Table 2 reports the hydrophilicizing agents (1) through (10) and treatment conditions used in each of Examples 1 through 9 and Comparative Example 1.
Hydrophilicizing agents (1) through (9) were used in Examples 1 through 9, while hydrophilicizing agent (10), which had a composition outside the range of the invention, was used in Comparative Example 1. Table 3 reports the results of property evaluation for the hydrophilicized specimens from Examples 1 through 9 and Comparative Example 1.
Table 2. Hydrophilicizing agents and treatment conditions
treatment agent heating/drying heating/drying dry coating weight temperature time °C g/m2 seconds Example 1 treatment agent (1) 220 30 1 Example 2 treatment agent (2) 220 30 1 Example 3 treatment agent (3) 220 30 1 Example 4 treatment agent (4) 220 30 1 Example 5 treatment agent (5) 220 30 1 Example 6 treatment agent (6) 220 30 1 Example 7 treatment agent (7) 220 30 1 Example 8 treatment agent (8) 220 30 1 Example 9 treatment agent (9) 220 30 1 Comp. Ex. 1 treatment agent (10) 220 30 1 Table 3. Results of the property evaluation tests hydrophilicity odor evaluation deodorizing activity initial elapsed initial elapsed thermal ammonia trimethylamine methyl time time mercaptan Example 1 ++ ++ ++ ++ ++ + ++ ++ Example 2 ++++++++ Example 3 ++ ++ ++ ++ ++ + ++ ++ Example 4 ++ ++ ++ ++ ++ + ++ ++ Example 5 ++ ++ ++ ++ ++ + ++ ++ Example 6 ++ ++ ++ ++ ++ + ++ ++ Example 7 ++ ++ ++ ++ ++ + ++ ++ Example 8 ++ + ++ ++ ++ + ++ ++ Example 9 +++++++++++ Comp. Ex. ++ + A A x x x 1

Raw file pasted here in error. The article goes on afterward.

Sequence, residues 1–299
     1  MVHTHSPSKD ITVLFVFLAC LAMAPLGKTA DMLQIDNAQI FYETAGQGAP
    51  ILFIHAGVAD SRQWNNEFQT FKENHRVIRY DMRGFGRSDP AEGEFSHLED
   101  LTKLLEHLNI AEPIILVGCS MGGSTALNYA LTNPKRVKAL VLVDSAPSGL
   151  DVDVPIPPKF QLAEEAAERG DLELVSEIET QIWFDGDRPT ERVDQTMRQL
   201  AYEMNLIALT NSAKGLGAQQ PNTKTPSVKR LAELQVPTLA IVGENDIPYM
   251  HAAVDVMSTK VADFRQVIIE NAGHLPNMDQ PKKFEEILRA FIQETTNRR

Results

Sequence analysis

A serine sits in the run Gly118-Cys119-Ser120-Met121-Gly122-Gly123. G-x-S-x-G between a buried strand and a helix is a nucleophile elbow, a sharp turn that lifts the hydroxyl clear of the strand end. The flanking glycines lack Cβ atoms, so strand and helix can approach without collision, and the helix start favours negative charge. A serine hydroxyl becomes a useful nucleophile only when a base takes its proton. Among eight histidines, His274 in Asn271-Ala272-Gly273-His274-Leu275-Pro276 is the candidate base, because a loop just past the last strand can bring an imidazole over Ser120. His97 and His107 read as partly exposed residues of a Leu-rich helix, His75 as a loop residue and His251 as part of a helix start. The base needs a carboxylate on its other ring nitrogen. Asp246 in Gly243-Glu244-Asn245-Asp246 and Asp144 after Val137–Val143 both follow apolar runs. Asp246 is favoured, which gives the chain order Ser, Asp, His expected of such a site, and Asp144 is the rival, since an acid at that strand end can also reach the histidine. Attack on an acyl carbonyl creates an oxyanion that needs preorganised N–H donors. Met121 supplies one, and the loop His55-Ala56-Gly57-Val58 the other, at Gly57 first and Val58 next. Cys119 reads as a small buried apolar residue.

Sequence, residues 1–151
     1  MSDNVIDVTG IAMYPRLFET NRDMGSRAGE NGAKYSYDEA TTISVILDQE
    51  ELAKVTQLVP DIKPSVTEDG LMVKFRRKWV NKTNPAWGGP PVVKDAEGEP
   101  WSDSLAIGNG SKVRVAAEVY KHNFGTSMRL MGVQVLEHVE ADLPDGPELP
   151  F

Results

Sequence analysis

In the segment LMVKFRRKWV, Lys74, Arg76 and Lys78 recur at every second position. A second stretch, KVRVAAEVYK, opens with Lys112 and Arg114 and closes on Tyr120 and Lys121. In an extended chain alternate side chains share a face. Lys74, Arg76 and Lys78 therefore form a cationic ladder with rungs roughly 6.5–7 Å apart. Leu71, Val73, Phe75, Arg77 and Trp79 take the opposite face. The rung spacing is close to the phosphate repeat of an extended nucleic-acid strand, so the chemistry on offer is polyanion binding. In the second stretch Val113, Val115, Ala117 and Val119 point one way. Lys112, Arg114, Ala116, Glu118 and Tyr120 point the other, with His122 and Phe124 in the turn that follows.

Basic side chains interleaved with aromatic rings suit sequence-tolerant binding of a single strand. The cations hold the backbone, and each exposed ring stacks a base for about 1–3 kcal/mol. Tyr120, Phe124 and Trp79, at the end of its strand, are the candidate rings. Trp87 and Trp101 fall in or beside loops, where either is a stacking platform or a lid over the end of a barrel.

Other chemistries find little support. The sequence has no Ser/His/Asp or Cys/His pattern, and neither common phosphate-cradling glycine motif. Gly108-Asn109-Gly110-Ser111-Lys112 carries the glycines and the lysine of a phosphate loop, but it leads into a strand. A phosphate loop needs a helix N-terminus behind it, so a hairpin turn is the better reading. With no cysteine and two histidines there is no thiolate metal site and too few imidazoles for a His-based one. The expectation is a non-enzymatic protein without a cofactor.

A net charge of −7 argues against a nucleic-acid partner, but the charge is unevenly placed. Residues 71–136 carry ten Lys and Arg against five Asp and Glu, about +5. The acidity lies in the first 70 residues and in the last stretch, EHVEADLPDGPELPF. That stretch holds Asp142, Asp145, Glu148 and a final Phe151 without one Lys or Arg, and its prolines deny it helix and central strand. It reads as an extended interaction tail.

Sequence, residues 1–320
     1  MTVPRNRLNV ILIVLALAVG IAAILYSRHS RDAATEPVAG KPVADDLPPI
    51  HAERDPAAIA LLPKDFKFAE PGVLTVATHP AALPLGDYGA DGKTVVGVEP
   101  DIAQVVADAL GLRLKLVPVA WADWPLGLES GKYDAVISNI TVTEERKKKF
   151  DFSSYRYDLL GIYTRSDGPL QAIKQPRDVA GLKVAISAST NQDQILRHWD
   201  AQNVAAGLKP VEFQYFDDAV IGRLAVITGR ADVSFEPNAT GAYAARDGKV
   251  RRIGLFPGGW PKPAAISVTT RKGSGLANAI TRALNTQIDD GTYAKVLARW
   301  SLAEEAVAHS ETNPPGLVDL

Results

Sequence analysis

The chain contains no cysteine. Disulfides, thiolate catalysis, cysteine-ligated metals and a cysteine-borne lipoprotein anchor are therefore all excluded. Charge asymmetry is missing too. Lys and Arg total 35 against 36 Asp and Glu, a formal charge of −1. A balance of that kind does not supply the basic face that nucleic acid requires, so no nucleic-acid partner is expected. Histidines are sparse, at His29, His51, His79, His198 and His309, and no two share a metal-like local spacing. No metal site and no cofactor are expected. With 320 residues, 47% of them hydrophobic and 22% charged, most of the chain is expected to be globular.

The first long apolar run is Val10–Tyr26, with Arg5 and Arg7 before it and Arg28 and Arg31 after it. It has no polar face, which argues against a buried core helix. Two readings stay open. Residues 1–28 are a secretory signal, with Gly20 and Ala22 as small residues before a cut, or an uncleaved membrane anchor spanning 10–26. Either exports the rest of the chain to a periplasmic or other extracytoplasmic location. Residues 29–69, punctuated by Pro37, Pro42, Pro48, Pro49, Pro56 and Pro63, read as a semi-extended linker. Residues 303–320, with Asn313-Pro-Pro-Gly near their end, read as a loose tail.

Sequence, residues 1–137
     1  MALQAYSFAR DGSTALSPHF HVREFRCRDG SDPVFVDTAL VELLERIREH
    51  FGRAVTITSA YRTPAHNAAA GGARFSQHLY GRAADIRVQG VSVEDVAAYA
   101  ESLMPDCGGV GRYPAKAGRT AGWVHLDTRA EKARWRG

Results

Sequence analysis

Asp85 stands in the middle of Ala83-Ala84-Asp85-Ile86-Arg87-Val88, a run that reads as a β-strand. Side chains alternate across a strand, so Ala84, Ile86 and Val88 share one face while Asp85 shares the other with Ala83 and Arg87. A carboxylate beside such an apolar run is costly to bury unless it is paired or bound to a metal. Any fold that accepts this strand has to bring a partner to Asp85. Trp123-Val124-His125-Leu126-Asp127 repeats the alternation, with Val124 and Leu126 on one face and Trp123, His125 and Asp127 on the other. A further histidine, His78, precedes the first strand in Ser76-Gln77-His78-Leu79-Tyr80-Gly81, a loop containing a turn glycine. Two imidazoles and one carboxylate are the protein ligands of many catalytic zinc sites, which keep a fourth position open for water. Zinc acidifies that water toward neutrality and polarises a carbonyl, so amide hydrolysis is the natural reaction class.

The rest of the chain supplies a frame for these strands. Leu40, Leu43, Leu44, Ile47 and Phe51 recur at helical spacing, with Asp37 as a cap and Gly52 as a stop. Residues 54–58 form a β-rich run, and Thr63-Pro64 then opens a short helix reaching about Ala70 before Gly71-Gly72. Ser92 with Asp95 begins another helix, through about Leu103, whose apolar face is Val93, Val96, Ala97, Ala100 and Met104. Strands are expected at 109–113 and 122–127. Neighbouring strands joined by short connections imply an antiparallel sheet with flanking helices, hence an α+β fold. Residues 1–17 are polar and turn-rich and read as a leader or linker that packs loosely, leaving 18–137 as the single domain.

As shown in Table 3, the treated specimens in Examples 1 through 9, which employed the hydrophilicizing agent of this invention, had an excellent hydrophilicity, were free of offensive odor both initially and after thermal challenge, and had a deodorizing activity that reduced the concentration of offensive odor substances.
In contrast, Comparative Example 1 did not employ the phenolic compound (B) and as a consequence had a poorer ability to avoid offensive odor evolution and was entirely unable to develop a deodorizing activity.
The hydrophilic coatings formed on aluminiferous metal surfaces using the inventive hydrophilicizing agent exhibit an excellent hydrophilicity even after elapsed time. These coatings are initially free of odor and also avoid offensive odor evolution after being subjected to a heating episode that would ordinarily degrade organic substances. In addition, these coatings exhibit a high deodorizing activity and, when present in an ambient containing various offensive odor substances, have the ability to reliably reduce the level of these substances.
As a consequence of these features, the inventive hydrophilicizing agent has a very high practical utility, is very well suited for application to the aluminiferous materials used in air conditioner heat exchangers, and can be used in a broad range of other applications.